The main parties had to strengthen their strategies.
Cristina de la Hoz. Madrid
The profound crisis in the PP, the movement in the PSOE and the prominence of Podemos and Ciudadanos after the local and autonomic elections of 24 May augur a greatly unstable political map, which will correlate to the general elections at the end of the year.
Strategically, neither Podemos nor Ciudadanos will want to stand out before a PP which has lost all its absolute majorities, and, with them a number of governments, or a PSOE which, despite also having been punished in the ballot boxes, has the opportunity to recover territorial power.
PP: Awaiting changes
As expected, on election night, Genova clutched at the mantra that they were the country’s most-voted political power. It is still true, but after losing two and a half million votes, when compared to 2011, and all their absolute majorities. In some cases, such as in the town halls of Madrid and Valencia and in the Comunidad Valenciana, they are not even able to keep hold of those governments through pacts. Faced with Mariano Rajoy’s first reaction –he attributed the disaster to a simple issue of miscommunication– territorial barons such as Alberto Fabra, José Ramón Bauzá and Luisa Fernanda Rudi put a date on their resignations, while others, such as Juan Vicente Herrera, are also considering it.
Following from the exit scramble, Rajoy has been forced to announce that he will make changes in the party and in the Government, as well as modification in its message and attitude in the face of the general elections, in order to approach them with a guarantee for success after losing their voting reserves. The figure of Rajoy himself if being deeply questioned, although he will be the candidate once more. Corruption has meant strong electoral reprisals to the party in Government.
PSOE: Less is more
The PSOE has reaped poor results, losing by the way side 700,000 votes compared to 2011, although they have enormous possibilities of making the most of such a paltry figure. That the PP has lost all their absolute majorities, will allow them to govern in Castilla-La Mancha, Valencia, Aragon and the Balearic Islands, as well as having won in Extremadura and Asturias, although in a number of cases they will have to resort to tri-, quadra- and event penta-party governments, which a priori condition the stability of the legislature.
In the midst of this, an internal ruckus has broken out, with the questioning that Susana Díaz has carried out of the anti-PP front, and with the alert over the undesirable consequences of smoothing the road for Podemos, party they will be supporting in the Madrid and Barcelona town halls, but without entering into the municipal executive. In any case, the PSOE’s return to territorial power, while holding on to second place in over-all votes, means that this is a sweet moment for Pedro Sánchez, who is looking to be the only contender for the primaries on 26 July where the PSOE candidate for president will be chosen.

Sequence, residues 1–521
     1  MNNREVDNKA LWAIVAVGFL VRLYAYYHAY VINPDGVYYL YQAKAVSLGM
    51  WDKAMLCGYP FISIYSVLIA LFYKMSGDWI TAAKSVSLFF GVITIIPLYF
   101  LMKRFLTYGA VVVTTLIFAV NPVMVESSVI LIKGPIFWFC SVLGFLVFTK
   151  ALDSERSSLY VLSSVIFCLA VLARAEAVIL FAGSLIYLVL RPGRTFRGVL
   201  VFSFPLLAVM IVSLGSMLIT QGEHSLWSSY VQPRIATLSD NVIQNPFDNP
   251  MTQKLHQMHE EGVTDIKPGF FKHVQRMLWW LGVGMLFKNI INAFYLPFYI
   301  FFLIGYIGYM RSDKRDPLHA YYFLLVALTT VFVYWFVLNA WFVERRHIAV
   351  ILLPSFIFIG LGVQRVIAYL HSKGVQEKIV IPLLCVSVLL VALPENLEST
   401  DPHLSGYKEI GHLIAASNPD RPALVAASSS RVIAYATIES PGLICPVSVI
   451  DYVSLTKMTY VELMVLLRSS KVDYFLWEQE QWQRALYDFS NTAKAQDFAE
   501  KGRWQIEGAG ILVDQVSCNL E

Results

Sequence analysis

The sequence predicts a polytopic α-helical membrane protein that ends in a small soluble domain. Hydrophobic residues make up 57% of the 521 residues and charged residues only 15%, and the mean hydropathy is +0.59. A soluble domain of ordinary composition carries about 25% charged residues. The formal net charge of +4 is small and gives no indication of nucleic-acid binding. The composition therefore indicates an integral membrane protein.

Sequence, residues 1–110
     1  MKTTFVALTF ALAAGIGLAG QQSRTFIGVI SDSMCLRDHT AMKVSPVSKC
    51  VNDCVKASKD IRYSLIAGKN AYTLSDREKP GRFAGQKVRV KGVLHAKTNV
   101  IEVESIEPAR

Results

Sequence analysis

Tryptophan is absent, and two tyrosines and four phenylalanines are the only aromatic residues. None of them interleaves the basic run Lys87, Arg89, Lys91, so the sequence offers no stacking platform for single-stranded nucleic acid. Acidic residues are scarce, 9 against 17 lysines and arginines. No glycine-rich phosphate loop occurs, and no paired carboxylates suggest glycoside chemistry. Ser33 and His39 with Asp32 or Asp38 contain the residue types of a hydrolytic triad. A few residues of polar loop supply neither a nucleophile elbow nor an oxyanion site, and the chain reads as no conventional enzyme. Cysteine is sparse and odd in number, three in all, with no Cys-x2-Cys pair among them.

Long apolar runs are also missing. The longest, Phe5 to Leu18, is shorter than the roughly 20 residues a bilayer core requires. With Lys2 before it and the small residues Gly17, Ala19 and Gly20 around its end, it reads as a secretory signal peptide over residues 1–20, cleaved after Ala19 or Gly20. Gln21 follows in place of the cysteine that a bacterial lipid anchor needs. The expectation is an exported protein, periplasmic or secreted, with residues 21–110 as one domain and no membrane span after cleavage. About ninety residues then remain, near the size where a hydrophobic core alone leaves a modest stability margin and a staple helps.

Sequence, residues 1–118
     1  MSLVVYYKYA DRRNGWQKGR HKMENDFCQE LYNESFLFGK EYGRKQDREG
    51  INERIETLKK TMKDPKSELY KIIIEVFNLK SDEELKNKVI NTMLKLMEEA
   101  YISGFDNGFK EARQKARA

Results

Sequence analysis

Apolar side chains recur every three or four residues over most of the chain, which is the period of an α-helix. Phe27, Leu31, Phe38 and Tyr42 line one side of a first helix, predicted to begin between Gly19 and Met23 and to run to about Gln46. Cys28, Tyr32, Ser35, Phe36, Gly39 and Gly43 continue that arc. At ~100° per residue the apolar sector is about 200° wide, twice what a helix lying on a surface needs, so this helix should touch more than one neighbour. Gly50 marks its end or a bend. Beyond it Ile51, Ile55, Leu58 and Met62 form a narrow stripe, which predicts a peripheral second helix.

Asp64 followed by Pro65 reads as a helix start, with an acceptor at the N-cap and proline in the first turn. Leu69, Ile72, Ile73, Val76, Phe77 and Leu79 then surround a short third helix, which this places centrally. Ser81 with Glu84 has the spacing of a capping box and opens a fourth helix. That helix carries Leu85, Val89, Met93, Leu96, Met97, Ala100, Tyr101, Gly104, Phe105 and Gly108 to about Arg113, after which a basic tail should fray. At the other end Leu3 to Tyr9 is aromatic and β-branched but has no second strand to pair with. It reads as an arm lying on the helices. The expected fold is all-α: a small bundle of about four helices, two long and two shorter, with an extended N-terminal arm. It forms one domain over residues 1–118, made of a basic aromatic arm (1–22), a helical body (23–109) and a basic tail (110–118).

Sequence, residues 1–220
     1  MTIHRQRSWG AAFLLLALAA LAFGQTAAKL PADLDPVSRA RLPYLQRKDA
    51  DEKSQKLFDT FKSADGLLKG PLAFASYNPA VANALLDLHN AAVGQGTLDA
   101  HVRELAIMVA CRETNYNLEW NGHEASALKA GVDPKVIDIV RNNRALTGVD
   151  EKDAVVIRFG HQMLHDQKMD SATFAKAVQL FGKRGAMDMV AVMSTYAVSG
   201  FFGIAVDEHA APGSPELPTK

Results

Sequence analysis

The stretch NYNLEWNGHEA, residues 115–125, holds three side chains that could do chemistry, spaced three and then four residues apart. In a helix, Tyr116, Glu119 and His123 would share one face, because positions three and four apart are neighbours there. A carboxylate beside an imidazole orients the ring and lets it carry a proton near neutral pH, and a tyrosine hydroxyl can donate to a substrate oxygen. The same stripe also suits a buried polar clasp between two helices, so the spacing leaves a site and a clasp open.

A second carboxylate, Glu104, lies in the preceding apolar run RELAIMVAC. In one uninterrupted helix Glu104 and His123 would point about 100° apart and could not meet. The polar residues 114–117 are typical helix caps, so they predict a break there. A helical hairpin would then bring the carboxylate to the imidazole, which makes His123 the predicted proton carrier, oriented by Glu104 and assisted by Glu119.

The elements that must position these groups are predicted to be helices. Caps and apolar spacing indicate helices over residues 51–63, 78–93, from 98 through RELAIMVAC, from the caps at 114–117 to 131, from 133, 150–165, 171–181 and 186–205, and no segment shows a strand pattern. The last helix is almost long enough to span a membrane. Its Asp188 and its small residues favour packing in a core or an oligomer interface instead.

Podemos: PSOE’s “crutch”
Last Thursday, Pablo Iglesias ridiculed the interest that Pedro Sánchez had suddenly developed in him, having received a phone call from him for them to organise a meeting. Podemos holds, to an extent, the key to enthrone the PSOE in a number of municipal and autonomic governments, although they need to be cautious in order to ensure they are not accused of shoring up one of the traditionalist, bourgeoisie parties –namely the PP and the PSOE–, and because of this they have decided, as have the socialists, not to share coalition governments that they don’t preside, with exceptions such as Aragon, where there might be a tri-party agreement.
The argument, defended by the critic Juan Carlos Monedero, that the priority is to impede PP governments, holds some weight. In exchange, they will rely on PSOE support to ensure that Manuela Carmena will take over the Madrid Mayoralty, after he close tie with Esperanza Aguirre, and also in Cádiz. In addition, Iglesias has awarded himself the success of Ada Colau leaving Barcelona, even though his candidacy, like that of Carmena, is sustained by a coalition of leftist formations.
Ciudadanos: The most courted
It is, at the moment, the most sought after party, wood by both Mariano Rajoy and Pedro Sánchez, the leaders of the PP and PSOE respectively. In fact, it is expected that they may be invited to the Moncloa. On this formation, led by Albert Rivera, depends that the PP will be able to govern such important areas such as the Comunidad de Madrid or that Socialist Susana Díaz will be able to take over the presidency of the Junta de Andalucía. Present in the majority of parliaments and provincial capitals, the only red line for Rivera is not to reach agreements with separatist parties.
Ideologically, the group is transversal, and it receives a great deal of its votes from those unhappy with the PP, and it needs, like Podemos, to ensure no mistakes are made between now and the General elections, ensuring that they are not too closely linked to the parties of the “old politics”. The fight against corruption, the reduction of seats and the celebration of primaries, are their main conditions in exchange for their support.